My mom had been to the doctor a few times over the summer months, ostensibly for a stubborn urinary tract infection. Sherry, my sister, and I suspected otherwise. I had said to my sister “You know, this is going to be one of those end stage diagnoses, and there won’t be any treatment options”. This happened on the first Sunday of September. Sherry sent me a picture of mom, and asked, “Do you think she looks jaundiced?” Less than 2 hours later, she was at the ER department of local hospital, and given the diagnosis of advanced liver cancer. Three weeks later, she was dead.
Mom herself had her own stirrings about her pending death. She told me she stood up in her (beloved) garden in the summer and said to herself, “Well this can’t go on forever”. And in the few weeks before her diagnosis, she was markedly different. Nicer. Kinder. Loving. After the diagnosis, all those changes x 100. These were the best 3 weeks of my life with my Mom. Sherry would, and has, said the same. I know in my bones that Mom would say this as well. She had clearly decided how she was going to approach her dying and palliative care, which was now set up in my sister and brother-in-law’s home.
I took a leave from work and moved in to help with the care. Mom was very weak but blessed to be without pain until the last couple of days. This may have helped her be so present. And present she was. The stories from her childhood poured out, and my sister and I wondered to one another why she had never shared them before now. She opened her heart and gave and took in love like I had never seen. It seemed to me that she had let go of all fears, all insecurities, all judgements, resentments about her life, and now trusted love. As the word spread amongst friends and relatives, she enjoyed visits and flowers (no food, as she was unable to eat), quipping at one point that she felt like she was at her own wake.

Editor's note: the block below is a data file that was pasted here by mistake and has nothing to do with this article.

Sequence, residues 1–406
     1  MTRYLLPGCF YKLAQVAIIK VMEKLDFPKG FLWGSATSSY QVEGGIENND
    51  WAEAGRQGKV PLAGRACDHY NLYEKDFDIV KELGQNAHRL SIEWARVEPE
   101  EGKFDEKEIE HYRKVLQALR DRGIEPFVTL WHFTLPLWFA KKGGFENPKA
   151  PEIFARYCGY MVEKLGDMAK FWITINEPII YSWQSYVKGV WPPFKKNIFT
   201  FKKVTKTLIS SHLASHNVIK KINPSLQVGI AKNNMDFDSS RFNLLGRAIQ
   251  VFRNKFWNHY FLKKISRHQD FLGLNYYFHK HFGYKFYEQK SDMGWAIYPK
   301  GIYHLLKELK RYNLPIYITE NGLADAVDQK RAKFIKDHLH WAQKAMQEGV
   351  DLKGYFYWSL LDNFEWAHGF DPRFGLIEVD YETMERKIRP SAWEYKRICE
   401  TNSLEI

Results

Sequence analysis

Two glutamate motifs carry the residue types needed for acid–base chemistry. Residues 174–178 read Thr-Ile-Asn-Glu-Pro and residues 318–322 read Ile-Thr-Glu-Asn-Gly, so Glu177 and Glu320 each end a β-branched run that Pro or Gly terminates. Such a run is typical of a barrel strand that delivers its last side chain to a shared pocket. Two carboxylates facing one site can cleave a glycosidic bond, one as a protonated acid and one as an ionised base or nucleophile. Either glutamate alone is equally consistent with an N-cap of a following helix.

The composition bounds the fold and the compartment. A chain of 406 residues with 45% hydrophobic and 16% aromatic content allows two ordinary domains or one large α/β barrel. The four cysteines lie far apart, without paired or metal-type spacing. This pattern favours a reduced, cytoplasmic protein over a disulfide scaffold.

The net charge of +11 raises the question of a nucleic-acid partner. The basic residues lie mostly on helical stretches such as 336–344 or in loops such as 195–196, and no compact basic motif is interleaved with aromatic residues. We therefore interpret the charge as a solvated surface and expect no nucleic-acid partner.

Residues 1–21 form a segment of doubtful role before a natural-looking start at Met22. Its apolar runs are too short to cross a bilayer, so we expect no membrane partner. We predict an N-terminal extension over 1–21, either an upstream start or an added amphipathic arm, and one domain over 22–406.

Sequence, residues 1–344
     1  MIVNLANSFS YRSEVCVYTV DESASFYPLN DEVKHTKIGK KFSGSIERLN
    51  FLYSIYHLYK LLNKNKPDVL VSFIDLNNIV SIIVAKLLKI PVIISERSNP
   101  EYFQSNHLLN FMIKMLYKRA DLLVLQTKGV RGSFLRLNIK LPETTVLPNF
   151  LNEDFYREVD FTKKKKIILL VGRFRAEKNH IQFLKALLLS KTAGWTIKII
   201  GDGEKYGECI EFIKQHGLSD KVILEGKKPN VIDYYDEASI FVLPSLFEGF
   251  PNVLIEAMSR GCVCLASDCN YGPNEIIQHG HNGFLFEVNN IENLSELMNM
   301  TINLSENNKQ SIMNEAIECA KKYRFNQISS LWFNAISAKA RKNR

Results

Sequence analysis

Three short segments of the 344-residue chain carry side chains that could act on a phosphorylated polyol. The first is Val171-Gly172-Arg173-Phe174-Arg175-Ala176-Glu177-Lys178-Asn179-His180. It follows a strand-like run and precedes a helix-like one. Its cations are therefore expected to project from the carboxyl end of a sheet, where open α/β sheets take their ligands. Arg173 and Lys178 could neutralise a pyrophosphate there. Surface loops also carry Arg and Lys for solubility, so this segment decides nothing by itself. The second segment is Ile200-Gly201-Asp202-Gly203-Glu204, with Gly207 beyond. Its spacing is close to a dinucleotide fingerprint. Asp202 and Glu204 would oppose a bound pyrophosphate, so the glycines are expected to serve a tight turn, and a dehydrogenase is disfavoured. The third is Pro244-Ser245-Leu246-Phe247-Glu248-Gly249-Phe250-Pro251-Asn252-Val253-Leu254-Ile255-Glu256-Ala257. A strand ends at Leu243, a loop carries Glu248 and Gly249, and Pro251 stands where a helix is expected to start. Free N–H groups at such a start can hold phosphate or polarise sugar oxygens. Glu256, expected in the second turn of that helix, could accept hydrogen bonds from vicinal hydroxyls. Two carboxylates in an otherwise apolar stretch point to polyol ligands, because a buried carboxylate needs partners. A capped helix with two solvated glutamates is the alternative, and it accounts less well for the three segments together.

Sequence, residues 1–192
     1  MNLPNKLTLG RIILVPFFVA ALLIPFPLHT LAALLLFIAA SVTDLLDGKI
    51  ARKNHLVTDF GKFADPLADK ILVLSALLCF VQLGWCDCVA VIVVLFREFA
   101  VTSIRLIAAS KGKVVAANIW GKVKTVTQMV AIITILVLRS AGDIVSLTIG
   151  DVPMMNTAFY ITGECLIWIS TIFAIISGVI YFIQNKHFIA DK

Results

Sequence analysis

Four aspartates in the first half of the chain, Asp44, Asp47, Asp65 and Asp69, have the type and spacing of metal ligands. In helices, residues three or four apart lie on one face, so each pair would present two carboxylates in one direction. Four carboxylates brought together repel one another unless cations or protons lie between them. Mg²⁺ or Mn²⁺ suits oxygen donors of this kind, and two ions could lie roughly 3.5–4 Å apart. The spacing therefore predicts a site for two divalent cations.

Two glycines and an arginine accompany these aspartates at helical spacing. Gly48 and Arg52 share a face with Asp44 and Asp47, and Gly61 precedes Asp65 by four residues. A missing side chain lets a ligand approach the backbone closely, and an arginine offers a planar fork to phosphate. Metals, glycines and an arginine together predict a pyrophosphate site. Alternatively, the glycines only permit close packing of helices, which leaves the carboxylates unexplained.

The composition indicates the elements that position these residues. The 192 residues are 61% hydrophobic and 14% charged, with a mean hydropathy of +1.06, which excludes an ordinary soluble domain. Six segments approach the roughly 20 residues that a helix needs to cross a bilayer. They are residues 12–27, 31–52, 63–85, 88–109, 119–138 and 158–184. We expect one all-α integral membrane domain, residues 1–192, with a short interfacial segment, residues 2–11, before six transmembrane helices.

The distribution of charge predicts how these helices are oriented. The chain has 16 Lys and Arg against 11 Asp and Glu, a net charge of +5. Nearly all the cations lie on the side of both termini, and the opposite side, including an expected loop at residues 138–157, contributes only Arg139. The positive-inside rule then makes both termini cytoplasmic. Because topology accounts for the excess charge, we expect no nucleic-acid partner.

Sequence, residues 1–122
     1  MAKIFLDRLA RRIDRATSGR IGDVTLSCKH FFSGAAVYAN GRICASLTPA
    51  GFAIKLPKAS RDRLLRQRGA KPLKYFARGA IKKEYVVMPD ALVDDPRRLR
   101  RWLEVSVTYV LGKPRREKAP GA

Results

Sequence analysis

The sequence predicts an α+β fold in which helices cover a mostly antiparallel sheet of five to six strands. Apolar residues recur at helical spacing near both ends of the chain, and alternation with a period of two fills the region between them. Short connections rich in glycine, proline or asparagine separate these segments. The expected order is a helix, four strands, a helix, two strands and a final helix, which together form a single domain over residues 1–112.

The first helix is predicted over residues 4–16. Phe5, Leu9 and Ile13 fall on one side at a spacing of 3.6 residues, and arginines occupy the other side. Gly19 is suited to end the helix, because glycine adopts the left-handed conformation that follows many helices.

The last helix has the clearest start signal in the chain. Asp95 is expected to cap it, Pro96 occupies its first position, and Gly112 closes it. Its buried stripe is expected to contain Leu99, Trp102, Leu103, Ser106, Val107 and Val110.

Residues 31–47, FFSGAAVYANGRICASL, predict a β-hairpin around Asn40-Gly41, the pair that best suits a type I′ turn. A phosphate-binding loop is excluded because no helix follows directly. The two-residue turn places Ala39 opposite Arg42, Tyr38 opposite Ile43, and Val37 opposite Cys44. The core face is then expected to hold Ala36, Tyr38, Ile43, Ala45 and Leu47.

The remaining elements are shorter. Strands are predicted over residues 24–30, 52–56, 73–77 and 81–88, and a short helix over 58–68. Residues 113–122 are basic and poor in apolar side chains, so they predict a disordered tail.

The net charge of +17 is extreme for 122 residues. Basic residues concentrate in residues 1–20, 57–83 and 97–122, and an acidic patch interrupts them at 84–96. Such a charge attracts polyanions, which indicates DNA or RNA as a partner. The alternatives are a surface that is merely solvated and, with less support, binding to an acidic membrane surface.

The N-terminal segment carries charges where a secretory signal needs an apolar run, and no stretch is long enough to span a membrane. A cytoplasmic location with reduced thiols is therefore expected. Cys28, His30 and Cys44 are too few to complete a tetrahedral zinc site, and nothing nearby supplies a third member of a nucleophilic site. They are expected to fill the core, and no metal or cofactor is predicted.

We, in turn, dropped our own resentments and guarded loving. It didn’t feel like a decision, it felt more like a natural response to feeling such intense love. Truth be told, Sherry and I didn’t look forward to the time when Mom needed more help. Up until this moment in time, she had been, how I can I put it, ‘difficult’ to care for. It was never enough or good enough, and Mom had always seemed jealous and envious of her kids’ lives. It has been said that what matters most in life is how well we have loved. My mom turned that into a visceral life lesson, for herself and for us.
And yes, it all felt like a miracle. I know that end of life often doesn’t play out this way. I know that relationships don’t necessarily get healed. I know that caring for someone at end of life isn’t typically a joyous experience. But/and for me, it was both healing and joyous.
Willing to have a conversation with me about your caregiving story? Email me at firstname.lastname@example.org. I would love to hear from you!